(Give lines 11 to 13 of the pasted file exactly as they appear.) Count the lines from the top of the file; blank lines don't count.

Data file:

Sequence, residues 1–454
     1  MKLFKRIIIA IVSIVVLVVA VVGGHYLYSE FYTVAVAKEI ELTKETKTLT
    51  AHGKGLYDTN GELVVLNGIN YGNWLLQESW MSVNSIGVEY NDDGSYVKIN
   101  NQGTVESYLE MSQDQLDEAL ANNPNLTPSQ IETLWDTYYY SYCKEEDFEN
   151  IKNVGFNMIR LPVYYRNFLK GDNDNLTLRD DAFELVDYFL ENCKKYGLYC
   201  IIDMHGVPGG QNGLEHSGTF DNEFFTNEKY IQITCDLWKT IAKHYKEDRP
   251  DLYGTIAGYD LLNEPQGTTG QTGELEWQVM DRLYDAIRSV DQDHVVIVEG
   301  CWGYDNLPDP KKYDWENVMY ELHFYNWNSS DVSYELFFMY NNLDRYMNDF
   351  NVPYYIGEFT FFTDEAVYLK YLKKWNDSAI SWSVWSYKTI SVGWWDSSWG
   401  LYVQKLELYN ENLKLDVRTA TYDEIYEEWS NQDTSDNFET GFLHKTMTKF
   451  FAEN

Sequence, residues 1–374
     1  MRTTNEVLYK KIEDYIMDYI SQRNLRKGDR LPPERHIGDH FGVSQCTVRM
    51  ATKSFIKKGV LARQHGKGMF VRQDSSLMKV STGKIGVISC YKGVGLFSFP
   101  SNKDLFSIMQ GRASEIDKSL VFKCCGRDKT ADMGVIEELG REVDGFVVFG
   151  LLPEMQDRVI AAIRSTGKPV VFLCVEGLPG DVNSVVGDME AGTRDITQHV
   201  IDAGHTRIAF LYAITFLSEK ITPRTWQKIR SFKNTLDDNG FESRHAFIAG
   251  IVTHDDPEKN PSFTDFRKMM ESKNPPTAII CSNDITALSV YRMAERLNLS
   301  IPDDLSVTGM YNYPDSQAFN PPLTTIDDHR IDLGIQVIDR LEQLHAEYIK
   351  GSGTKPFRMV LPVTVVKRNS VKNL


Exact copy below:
   451  FAEN

Sequence, residues 1–374
     1  MRTTNEVLYK KIEDYIMDYI SQRNLRKGDR LPPERHIGDH FGVSQCTVRM